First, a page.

Catfish (order Siluriformes) are a diverse group of
fish. Named for their prominent "barbels", which give
the image of cat-like whiskers, they are found in freshwater environments
of all kinds, with species on every continent except Antarctica.
Some species from the families Ariidae and Plotosidae are also found
in marine environments. They feature some of the smallest known
vertebrates, including the candiru, the only vertebrate parasite
to attack humans, as well as Pangasius gigas, the largest reported
freshwater fish. There are armour plated types and also naked types,
but they do not have scales. Not all catfish families have barbels;
what defines a fish as being in the Siluriformes order are certain
features of the skull and swimbladder.
have no scales. All catfish, except members of Malapteruridae (electric
catfish), possess a strong, hollow, bonified leading ray on their
dorsal and pectoral fins, through which a stinging protein can be
delivered if the fish is irritated. In members of the family Plotosidae,
and of the genus Heteropneustes, this protein is so strong it may
hospitalize humans unfortunate enough to receive a sting.
Catfish range in size and behavior from the heaviest, the Giant
Mekong Catfish (Pangasius gigas) in Southeast Asia and the longest
Wels Catfish of Eurasia, to detritivores (species that eat dead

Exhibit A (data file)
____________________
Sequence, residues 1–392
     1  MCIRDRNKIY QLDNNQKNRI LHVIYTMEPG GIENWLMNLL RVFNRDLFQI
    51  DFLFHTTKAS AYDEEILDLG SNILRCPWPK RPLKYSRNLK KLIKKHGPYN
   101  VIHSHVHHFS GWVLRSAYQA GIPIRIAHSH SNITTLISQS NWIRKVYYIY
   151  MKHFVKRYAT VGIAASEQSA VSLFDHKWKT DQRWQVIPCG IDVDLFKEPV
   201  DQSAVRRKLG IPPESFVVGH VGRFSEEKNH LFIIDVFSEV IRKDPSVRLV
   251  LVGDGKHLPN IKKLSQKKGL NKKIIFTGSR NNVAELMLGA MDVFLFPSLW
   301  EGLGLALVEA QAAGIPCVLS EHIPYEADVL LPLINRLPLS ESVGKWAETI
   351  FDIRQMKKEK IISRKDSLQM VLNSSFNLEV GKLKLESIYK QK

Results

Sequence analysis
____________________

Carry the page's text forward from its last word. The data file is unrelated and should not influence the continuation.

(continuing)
material on the bottom), and even to a tiny parasitic species commonly
called the candiru (Vandellia cirrhosa).
The wels catfish (Silurus glanis) is the only native catfish species
in Europe, besides the much smaller related Aristotle catfish found
in Greece. Mythology and literature record wels catfish of astounding
proportions yet to be scientifically proved. The average size of
the species is about 1,2m-1,6m, and fish more than 2m are very rare.
The largest specimens on record measure more than 2.5 in length
and sometimes exeeded 100kg. The wels catfish was introduced to
Britain, Italy, Spain, Greece and some other countries during the
last century. The species has flourished in the warm lakes and rivers
of Southern Europe. The River Po in Italy and the River Ebro in
Spain are famous for huge wels catfish, which grow up to 2m. These
habitats contain plenty of food and lack natural predators.
Catfish, which have a sweet, mild flesh, are important food fish
throughout the world. Ictalurids are cultivated in North America
(especially in the Deep South), and representatives of the genus
Ictalurus have been misguidedly introduced into European waters
in the hope of obtaining a sporting and a food resource, however,
the European stock of American catfishes have not achieved the dimensions
of these fishes in their native waters, and have only increased
the ecological pressure on native European fauna, while Clariids
and Pangasiids are heavily cultured in Africa and Asia. There is
also a large and growing ornamental fish trade, with hundreds of
species of catfish, especially the genus Corydoras, being a popular
component of many aquaria.
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